The Archangel Gabriel said to God. “There’s a man to see you. His name’s Epstein, claims to represent the Jewish people on earth.” “All right, show him in,” replied God. Epstein came through the Pearly Gates. “Lord, the Jews are wondering if you could answer one question.” “Certainly. Go on.” “Is it true that we are your Chosen People?” “Yes.” “We are definitely your Chosen People?” “Yes.” “Well, Lord, the Jews are wondering if you could choose somebody else and leave us alone.”

I was reminded of that joke as I read about the massacre of Jews at the at the Tree of Life synagogue in Pittsburgh. The gunman is symptomatic of the hate speech being spewed by right-wing nationalists in this country and around the world. Jews are simultaneously portrayed as Communists and as Capitalists, the financiers who control the world economy, and the people who control the media (except for Fox News).

The proverb “the chickens have come home to roost” means you have to face the consequences of your past actions and speech. As The National Review’s David A. French wrote after the shooting, “Speech can inspire violence. It can. It’s one reason why civility and a sense of proportion in your speech aren’t just abstract, sanctimonious, or elitist concepts. They’re moral responsibilities for people with any kind of meaningful platform. Not all listening ears are sober-minded or entirely rational. And when they hear a public figure they admire thunder against his political opponents with extreme language, sometimes they’ll take extreme action in response.”

American University law professor and Harvard University faculty associate Susan Benesch has spent the past six years developing and testing a framework for identifying dangerous speech. To rise to that level, at least two of these five indicators must be present: a powerful speaker with a high degree of influence over the audience; an audience that has grievances and fears that the speaker can cultivate; a speech that is clearly understood as a call to violence; a social or historical context that is propitious for violence for any of a variety of reasons, including long-standing competition between groups for resources; and a means of dissemination that is influential in itself, for example because it is the sole or primary source of news for the relevant audience – think Fox News. Benesch is careful not to draw parallels between Trump and the world leaders she has studied who incite mass violence. Still, it’s hard to ignore the similarities.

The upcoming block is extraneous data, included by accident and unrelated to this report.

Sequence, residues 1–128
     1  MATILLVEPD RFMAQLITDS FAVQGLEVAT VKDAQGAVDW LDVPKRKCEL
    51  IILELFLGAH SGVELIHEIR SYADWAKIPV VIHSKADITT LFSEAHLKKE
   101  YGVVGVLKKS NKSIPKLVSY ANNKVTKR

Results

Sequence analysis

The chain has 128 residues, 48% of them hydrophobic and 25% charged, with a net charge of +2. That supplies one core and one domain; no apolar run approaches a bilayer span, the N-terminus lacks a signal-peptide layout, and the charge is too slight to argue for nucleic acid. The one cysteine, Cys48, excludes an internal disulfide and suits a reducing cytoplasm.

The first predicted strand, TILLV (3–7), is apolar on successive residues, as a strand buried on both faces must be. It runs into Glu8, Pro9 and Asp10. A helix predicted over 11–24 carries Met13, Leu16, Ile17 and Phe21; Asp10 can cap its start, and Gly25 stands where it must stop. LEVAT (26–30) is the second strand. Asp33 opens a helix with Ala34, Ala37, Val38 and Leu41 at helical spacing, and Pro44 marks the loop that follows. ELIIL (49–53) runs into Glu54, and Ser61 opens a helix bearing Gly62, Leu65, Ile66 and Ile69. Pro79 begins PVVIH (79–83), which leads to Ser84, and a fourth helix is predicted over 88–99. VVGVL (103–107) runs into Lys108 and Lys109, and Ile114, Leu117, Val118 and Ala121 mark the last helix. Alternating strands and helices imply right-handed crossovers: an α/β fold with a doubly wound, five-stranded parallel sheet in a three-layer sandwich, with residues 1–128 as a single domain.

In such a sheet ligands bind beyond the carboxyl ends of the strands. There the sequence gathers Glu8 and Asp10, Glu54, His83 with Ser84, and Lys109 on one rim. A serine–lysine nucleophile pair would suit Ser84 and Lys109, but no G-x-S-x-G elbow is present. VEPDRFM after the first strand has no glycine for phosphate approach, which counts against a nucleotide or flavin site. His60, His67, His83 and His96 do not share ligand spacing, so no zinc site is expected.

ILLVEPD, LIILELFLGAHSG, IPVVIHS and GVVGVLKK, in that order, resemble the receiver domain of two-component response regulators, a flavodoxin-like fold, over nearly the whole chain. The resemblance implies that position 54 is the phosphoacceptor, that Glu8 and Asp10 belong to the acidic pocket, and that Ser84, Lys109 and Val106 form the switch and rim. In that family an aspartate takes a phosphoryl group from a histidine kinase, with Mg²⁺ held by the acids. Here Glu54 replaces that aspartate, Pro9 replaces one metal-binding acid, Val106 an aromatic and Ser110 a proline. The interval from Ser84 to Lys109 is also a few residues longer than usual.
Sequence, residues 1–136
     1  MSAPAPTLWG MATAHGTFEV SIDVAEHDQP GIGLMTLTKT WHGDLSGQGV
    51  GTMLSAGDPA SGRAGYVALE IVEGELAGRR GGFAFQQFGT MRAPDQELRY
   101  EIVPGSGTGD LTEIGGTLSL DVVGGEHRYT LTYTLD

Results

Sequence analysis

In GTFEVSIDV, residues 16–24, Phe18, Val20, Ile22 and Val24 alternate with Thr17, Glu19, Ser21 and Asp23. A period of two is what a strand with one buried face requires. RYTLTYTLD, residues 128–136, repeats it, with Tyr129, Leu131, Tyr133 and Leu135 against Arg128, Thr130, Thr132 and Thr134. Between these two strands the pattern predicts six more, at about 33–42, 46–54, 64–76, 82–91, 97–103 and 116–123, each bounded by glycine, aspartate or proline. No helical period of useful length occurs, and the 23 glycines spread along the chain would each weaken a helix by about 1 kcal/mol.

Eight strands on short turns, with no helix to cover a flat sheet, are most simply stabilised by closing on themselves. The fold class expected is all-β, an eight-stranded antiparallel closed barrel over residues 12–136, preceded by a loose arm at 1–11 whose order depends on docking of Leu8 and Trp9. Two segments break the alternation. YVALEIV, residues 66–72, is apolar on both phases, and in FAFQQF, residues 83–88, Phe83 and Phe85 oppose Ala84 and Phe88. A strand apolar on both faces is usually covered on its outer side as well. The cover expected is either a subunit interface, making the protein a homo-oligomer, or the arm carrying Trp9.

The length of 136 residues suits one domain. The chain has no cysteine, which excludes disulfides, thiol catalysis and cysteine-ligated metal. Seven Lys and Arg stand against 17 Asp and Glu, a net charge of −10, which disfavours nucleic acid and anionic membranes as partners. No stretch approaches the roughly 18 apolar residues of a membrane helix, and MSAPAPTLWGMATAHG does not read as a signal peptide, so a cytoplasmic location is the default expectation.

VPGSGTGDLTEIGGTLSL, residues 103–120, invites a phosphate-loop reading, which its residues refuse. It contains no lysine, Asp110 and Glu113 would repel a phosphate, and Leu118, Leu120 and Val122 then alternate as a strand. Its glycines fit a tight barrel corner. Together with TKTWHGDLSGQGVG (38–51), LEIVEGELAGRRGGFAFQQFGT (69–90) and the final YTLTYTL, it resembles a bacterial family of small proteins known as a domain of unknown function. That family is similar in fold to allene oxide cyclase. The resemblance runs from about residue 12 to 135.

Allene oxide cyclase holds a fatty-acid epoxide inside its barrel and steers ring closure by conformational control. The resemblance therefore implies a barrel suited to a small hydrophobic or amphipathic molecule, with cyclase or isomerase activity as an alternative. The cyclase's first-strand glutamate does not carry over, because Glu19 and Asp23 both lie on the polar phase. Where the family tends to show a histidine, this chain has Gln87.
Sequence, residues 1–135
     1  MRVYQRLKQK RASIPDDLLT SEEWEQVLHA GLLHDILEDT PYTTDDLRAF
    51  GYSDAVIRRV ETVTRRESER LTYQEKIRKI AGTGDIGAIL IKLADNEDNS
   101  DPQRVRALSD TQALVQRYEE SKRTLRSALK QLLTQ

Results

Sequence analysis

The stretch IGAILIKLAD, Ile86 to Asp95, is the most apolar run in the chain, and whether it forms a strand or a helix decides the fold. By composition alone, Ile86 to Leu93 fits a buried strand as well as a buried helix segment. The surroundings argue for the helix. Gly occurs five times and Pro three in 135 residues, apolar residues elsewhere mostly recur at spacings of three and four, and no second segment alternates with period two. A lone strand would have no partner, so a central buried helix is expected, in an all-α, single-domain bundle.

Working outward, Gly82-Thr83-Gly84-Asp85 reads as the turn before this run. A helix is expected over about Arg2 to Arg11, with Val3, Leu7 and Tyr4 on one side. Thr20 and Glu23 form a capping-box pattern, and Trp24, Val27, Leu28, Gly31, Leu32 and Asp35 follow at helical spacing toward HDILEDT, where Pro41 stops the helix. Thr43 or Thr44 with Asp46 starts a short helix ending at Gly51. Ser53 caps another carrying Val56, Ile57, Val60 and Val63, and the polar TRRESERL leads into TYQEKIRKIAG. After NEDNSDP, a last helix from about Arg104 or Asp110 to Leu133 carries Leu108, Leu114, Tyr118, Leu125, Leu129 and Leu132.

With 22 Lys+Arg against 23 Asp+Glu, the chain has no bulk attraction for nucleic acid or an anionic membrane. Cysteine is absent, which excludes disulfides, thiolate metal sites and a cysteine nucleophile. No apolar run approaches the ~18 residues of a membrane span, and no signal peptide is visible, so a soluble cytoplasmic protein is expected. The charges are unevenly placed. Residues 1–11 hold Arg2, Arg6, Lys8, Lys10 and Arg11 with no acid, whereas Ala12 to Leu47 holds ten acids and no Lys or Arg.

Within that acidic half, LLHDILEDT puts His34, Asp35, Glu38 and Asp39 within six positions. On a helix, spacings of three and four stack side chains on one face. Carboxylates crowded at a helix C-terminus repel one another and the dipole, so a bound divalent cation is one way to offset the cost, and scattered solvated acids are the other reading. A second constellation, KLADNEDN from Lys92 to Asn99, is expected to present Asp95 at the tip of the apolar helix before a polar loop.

For example, as a candidate, Trump refused to condemn his supporters who used physical violence against protesters at his rallies. He hinted that he enjoys the brawls and said he would defend his supporters in court cases. When a protester interrupted his speech at a rally in Michigan, he encouraged his audience members to force the protester out: “Get him out. Try not to hurt him. If you do, I’ll defend you in court.” He then asked the crowd, “Are Trump rallies the most fun? We’re having a good time.”

At other rallies, Trump said “Knock the crap out of him, would you? I promise you, I will pay your legal fees.” “Part of the problem is, no one wants to hurt each other anymore.” “I don’t know if I’ll do the fighting myself or if other people will.” As president, Trump said of a Republican lawmaker who body-slammed a reporter, ‘That’s my kind of guy.”

And when white supremacists and neo-Nazis marched in Charlottesville, they chanted, among other racist slogans, “Jews will not replace us.” Trump said of this group’s clash with counterdemonstrators that there were “some very fine people on both sides.”

The viciously nationalist rhetoric Trump now uses at his rallies, his rants against “globalists”(the word itself, along with “cosmopolitan” has always been anti-Semitic code for “Jewish”) his demonizing of immigrants, of refugees, of asylum seekers, his accusation that George Soros is somehow behind the caravan of Hondurans and Guatemalans, this is red meat for anti-Semites.

Soros, of course, just happens to be a wealthy, liberal Jewish donor. In one fell swoop, Trump has managed to combine anti-Semitism, fear of immigrants, and the threat of powerful foreign agents controlling world events in pursuit of their hidden agenda.

Not one Congressional leader of either party agreed to accompany Trump when he went to Pittsburgh, A group of Jewish leaders told the president that he is no longer welcome in Pittsburgh until he denounces white nationalism. Members of the Pittsburgh affiliate of Bend the Arc: A Jewish Partnership for Justice wrote a letter to Trump that reads in part, “Our Jewish community is not the only group you have targeted. … You have also deliberately undermined the safety of people of color, Muslims, LGBTQ people, and people with disabilities. Yesterday’s massacre is not the first act of terror you incited against a minority group in our country.”

2017 – the first full year of Trump’s presidency – experienced the largest single increase of anti-Semitic incidents in recent times, a 60 percent increase over 2016.

Mark Berg is a community activist in Adams County and a proud Liberal. His email address is

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